Do You Understand?
In English we seem to use the words `know` and `understand` interchangeably, but in reality they have subtle, but important differences. For example, we may know a lot of people, but we will probably only understand a few of them. Understanding carries a greater depth of knowledge, but also an ability to figure out how something works.
Take the example of a cake (or as some think just take the cake!). I give you a recipe; two eggs, two cups of flour, two table spoons of marg, half a teaspoon of bicarb. Cook at 180 C for 15 mins. OK you know my recipe for cakes. If you understand the recipe though you will be able to make changes to do something different. Will adding sugar make them better? What if we use butter instead of marg? Can I make a chocolate version? Can I cook them for less time if I turn the oven up?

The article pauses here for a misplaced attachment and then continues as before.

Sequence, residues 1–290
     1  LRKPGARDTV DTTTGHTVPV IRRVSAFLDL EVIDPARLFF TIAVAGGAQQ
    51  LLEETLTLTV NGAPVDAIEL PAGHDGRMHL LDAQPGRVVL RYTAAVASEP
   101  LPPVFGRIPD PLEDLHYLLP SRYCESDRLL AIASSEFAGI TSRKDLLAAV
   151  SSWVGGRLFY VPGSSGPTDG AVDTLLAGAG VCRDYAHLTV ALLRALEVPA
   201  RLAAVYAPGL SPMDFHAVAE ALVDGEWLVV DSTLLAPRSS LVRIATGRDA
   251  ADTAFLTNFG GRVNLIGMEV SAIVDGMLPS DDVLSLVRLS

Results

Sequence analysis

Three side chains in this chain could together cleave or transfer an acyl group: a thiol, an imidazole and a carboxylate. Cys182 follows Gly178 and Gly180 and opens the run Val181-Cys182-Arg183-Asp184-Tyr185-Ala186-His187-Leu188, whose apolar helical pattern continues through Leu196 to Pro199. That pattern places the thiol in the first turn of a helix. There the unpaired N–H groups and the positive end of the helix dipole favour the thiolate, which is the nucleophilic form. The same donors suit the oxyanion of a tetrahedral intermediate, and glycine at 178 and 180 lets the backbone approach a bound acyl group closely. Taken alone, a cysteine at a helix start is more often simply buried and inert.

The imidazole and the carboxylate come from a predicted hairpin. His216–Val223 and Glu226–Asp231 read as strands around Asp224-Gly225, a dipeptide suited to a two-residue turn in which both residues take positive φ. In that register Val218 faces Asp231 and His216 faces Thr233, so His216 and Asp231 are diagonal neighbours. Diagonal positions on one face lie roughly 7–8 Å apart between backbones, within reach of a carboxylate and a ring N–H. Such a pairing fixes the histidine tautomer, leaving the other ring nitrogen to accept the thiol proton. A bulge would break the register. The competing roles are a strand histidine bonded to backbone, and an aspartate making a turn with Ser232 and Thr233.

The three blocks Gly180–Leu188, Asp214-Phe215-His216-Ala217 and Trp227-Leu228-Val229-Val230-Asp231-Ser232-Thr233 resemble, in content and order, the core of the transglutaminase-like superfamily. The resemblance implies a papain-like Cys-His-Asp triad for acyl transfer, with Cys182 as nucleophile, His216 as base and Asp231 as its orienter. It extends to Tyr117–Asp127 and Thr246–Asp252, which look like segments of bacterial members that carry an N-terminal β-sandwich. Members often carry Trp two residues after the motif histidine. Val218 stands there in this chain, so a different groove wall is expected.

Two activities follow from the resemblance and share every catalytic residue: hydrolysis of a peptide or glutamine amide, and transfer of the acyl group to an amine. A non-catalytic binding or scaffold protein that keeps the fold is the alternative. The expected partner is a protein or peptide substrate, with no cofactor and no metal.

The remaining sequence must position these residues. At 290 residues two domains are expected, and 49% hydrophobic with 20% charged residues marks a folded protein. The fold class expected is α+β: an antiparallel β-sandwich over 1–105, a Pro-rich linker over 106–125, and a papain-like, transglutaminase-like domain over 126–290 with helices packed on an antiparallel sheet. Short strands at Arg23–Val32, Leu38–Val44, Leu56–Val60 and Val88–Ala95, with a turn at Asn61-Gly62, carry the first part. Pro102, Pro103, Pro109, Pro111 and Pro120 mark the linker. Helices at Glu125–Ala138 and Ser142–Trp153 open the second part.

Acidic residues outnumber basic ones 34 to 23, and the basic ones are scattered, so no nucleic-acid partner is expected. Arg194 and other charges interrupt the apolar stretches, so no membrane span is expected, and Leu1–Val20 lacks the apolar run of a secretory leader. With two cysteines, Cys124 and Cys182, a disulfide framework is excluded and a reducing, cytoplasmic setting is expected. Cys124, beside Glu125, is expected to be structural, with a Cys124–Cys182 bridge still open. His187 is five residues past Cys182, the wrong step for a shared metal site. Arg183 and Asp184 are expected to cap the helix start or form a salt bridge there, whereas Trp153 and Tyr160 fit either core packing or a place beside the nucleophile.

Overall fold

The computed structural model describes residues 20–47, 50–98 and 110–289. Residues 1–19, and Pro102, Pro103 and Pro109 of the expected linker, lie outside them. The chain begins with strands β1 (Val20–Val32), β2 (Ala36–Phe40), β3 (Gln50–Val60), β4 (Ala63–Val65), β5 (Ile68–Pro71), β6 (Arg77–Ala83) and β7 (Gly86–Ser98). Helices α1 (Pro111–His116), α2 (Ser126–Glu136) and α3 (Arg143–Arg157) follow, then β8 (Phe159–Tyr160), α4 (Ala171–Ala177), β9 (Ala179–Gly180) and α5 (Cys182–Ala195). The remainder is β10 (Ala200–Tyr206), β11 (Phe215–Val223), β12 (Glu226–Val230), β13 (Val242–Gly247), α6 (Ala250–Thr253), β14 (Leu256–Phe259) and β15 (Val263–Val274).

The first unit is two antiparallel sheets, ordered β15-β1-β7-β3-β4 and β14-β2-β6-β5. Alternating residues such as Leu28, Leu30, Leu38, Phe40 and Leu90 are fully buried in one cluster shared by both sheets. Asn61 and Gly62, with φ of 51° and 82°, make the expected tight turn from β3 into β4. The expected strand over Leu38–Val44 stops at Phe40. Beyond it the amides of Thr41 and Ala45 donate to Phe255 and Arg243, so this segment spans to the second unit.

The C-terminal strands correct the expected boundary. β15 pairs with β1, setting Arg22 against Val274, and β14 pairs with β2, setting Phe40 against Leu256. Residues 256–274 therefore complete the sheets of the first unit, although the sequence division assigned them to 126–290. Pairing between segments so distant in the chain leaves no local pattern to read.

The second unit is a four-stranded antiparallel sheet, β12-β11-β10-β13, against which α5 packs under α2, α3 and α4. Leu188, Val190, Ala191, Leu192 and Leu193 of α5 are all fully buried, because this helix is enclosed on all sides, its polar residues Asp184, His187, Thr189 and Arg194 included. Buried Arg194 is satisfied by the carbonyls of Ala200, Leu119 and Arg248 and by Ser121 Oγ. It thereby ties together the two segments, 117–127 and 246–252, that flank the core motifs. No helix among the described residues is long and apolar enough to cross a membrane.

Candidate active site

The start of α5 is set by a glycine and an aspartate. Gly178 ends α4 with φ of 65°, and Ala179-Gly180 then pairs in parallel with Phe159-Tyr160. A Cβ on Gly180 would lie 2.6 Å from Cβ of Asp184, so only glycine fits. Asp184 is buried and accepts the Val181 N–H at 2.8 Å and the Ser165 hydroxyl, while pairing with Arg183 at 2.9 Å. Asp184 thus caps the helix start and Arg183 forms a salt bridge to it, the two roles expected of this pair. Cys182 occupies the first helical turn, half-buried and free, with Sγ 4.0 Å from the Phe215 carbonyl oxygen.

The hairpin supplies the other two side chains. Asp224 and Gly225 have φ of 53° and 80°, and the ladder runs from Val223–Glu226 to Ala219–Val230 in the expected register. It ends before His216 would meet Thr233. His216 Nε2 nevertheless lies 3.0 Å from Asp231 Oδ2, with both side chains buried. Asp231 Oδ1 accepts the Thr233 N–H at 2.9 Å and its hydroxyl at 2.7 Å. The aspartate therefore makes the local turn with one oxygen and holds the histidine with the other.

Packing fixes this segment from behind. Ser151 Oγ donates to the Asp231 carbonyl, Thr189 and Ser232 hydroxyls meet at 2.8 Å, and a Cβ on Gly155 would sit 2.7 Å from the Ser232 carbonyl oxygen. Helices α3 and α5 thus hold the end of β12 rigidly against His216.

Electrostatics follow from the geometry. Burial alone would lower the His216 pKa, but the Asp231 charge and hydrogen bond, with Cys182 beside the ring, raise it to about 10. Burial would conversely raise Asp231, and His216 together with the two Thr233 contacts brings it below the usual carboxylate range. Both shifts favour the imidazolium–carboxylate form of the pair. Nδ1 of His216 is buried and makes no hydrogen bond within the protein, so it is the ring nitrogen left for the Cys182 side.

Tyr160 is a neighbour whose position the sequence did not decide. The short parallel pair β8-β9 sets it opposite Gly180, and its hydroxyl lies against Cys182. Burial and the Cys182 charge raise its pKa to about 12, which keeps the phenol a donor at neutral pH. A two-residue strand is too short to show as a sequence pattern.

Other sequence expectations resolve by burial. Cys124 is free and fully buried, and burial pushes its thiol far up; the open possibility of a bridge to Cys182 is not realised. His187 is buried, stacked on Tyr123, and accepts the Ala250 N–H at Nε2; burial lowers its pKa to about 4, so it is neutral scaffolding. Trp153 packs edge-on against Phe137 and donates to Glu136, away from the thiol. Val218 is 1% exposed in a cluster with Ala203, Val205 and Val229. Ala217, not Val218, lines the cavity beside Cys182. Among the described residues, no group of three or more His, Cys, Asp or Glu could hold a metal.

You, perhaps, know the answer to some of these questions because you have made cakes before, or because you understand how they are made. Just knowing the recipe doesn`t give you understanding.
There is a big temptation in maths particularly, to learn methods, rather than understand what is happening in the maths. However, you will find, as one of my students did, by understanding the maths its much easier to recall it and also to use it in new situations (ie an exam question!).
I have tried to structure the material here towards understanding, rather than simple recall. This way your learning will, in effect, become self-supporting and the more you learn the easier it will be to learn more!